Male pattern hair loss tends to occur in a predictable way. These patterns of shedding have been formalized in a clinical scale called the Norwood scale. Why is this important? It turns out that the staging of hair loss is an important part of determining the course of treatment.
Not sure if finasteride is right for you? A doctor can quickly determine whether you’ll have a good clinical result based on your Norwood score. Here, we provide a detailed overview of the scale, how it’s organized and why it can reveal information about the success rate of hair loss treatment.
What is the Norwood scale?
The Norwood scale is a tool that was created to standardize the assessment of male pattern hair loss. The first version of the scale was developed by Dr. James Hamilton in 1951. The 1951 version of the scale featured eight types of baldness identified using roman numerals I through VIII.
Groups I-III described less severe cases of alopecia, while groups IV-VIII referred to more advanced stages of hair loss. Within these broader categories, a number of subtypes were also identified.
Two decades later, the scale was modified by Dr. O’Tor Norwood, a dermatologist and hair transplant surgeon. This revised scale was more detailed as a result of the addition of two formal subcategories.
These subcategories made it possible to classify hair loss that occurred only at the hairline or at the top of the head (Lee et al., 2007). Norwood also removed a “wildcard” category (Type III) which was previously used as a catch-all for any unusual balding patterns that did not fit conventional criteria for hair loss.
How to read the Norwood scale:
The Norwood scale is arranged in a grid-like system that combines three basic patterns of balding commonly associated with androgenetic alopecia (AGA):
Vertex balding: when balding occurs at the top of the head and spreads out radially.
Frontal balding: when the entire hairline begins to shift backwards.
Over time, these patterns gradually merge together to result in the appearance of overall baldness. The Norwood scale captures seven possible combinations of these three balding patterns:
- Type I - little to no evidence of a receding hairline (essentially a normal scalp)
- Type II - the beginnings of hair loss at both temples
- Type III - considered the minimum amount of hair loss needed to clinically diagnose balding; bitemporal recession is quite noticeable (these regions may be bald or only sparsely covered)
- Type IV - frontal balding and balding at the top of the head (crown) are now more severe; as a result of hair loss in these regions, the remaining band of hair in the mid-region of the scalp connecting hair on both sides of the head has become more prominent
- Type V - the band of hair separating the front of the head from the crown has narrowed; a sparse patch of hair between the temples may persist
- Type VI - the band of hair that once separated the front of the head from the crown regions has now disappeared
- Type VII - only a narrow strip of hair that wraps around the back of the head and sides remains, forming the classic “horseshoe” shape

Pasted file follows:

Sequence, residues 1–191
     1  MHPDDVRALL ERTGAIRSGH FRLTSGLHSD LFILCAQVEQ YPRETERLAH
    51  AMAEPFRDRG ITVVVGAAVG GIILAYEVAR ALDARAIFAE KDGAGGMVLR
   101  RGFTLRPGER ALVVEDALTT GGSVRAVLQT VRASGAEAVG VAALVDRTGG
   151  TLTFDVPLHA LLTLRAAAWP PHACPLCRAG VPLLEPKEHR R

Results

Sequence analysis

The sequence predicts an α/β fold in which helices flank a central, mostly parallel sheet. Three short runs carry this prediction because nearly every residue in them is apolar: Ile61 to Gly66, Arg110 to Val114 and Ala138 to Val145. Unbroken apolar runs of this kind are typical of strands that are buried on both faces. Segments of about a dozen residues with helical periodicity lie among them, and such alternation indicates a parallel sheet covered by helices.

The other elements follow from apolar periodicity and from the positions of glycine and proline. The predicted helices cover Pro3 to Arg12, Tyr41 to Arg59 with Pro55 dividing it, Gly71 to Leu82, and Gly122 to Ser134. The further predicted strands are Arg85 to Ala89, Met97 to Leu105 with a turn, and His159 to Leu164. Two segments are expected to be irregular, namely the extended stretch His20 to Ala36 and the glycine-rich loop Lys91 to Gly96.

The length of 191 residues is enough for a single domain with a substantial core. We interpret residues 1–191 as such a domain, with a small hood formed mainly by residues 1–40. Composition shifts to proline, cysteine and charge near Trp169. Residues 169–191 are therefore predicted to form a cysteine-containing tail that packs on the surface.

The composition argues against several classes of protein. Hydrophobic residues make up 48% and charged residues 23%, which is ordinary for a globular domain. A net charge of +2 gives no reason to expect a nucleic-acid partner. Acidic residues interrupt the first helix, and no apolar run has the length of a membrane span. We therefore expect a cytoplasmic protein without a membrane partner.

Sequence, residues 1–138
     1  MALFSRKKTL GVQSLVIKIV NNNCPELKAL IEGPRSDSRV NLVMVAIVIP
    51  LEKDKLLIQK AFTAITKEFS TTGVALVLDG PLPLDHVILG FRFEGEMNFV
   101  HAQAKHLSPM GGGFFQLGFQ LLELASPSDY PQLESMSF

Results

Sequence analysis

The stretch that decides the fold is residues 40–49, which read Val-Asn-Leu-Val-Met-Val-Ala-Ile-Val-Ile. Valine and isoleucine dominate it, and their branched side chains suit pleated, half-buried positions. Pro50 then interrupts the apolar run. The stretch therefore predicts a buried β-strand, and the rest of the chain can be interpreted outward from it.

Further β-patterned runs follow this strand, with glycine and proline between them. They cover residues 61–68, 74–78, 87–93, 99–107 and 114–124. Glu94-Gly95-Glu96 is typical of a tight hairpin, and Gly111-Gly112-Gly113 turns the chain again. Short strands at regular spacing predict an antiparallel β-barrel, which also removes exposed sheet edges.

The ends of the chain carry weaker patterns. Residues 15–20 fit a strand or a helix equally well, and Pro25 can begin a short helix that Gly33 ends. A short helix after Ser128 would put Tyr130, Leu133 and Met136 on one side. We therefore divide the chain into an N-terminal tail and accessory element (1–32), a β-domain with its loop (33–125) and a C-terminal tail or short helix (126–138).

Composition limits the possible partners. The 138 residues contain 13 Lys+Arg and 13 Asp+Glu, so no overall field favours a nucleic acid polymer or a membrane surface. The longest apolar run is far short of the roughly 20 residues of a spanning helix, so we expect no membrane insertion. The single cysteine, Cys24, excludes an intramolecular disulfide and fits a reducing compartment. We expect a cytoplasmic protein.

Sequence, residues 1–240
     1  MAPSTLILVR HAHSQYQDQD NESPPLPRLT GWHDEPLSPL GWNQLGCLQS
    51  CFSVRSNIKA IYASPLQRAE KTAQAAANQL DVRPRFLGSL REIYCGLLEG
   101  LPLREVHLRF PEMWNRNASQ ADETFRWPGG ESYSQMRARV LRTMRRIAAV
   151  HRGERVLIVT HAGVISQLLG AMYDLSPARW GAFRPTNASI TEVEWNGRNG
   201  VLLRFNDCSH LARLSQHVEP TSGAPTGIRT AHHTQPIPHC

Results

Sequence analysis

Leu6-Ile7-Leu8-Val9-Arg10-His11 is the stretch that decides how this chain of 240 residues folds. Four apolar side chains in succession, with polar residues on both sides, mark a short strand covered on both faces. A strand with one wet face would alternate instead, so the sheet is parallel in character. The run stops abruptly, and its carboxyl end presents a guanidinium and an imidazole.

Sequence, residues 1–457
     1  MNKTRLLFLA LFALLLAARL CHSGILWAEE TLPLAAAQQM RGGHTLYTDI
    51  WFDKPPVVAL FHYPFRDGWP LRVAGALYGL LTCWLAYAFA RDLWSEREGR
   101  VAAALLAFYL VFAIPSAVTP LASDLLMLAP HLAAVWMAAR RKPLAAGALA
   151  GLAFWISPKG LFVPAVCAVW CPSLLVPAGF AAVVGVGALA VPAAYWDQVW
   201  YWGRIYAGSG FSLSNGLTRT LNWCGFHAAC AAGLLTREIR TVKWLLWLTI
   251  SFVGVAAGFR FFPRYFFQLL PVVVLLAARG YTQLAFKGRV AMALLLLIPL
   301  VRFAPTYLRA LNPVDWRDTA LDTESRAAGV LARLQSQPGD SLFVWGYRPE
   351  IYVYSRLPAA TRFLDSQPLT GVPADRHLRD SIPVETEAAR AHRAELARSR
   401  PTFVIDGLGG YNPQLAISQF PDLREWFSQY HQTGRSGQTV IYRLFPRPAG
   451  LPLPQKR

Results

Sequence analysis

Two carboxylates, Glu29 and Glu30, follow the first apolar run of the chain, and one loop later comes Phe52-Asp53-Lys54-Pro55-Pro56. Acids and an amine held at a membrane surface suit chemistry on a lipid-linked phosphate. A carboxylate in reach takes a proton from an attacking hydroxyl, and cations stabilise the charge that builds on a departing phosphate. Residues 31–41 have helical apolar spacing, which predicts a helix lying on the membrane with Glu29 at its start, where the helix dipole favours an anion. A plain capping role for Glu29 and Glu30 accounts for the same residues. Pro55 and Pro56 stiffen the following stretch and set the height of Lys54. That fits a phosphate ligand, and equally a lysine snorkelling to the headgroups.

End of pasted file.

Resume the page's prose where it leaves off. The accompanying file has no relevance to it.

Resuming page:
There is room for variation within these seven main categories. If someone has a receding hairline (e.g. Types II-V) but no hair loss at the top of the head, this combination is referred to as a Type A variant (e.g. Type IIA, Type IIIA, etc.) (Wirya et al., 2017). Meanwhile, if hair loss has occurred primarily at the top of the head, with or without hair loss at the temples, this specific combination is called Type III Vertex.
These variations bring the total number of different types of male pattern hair loss to twelve. While the scale is comprehensive, some researchers have commented that the level of detail could negatively impact the reproducibility of assessments using this tool (Gupta & Mysore, 2016). For this reason, newer classification systems are being developed with the aim of further simplifying the tool, without compromising accuracy or reliability.
It's worth pointing out that the Hamilton-Norwood scale may be biased towards Caucasian males, since this group formed the basis of Norwood’s original data. In response to this, clinicians and researchers have begun designing scales for use in specific populations. For women experiencing pattern hair loss, a sex-specific tool called the Ludwig scale should be used instead.
Can the Norwood scale tell us if hair loss be reversed?
Yes, but timing is key. Research has shown that AGA is strongly associated with age. As a result, advanced hair loss (Hamilton-Norwood Type IV and above) is more frequently observed in older men. However, we also know that much younger men can suffer from hair loss and early intervention can help prevent, or even reverse it.
In 2015, a study explored the relationship between efficacy of once-daily finasteride treatment and the severity of AGA. Over 900 participants were enrolled, 801 of which were followed over a period of 5 years with regular photographic assessments.
The trial data revealed that the greatest improvement in hair regrowth was seen in individuals who started treatment earlier and specifically in men aged 40 or younger with a Hamilton-Norwood classification of Type IV or less (Yoshitake et al., 2015).
The takeaway on the Norwood scale
If you have a family history of male pattern hair loss and have started to notice changes in your hair or scalp health, we recommend that you consider talking to a doctor about next steps. Once a medical professional has assessed the extent of your hair loss, he or she will be able to make the appropriate recommendations for treatment to ensure that thinning hair is stopped in its tracks.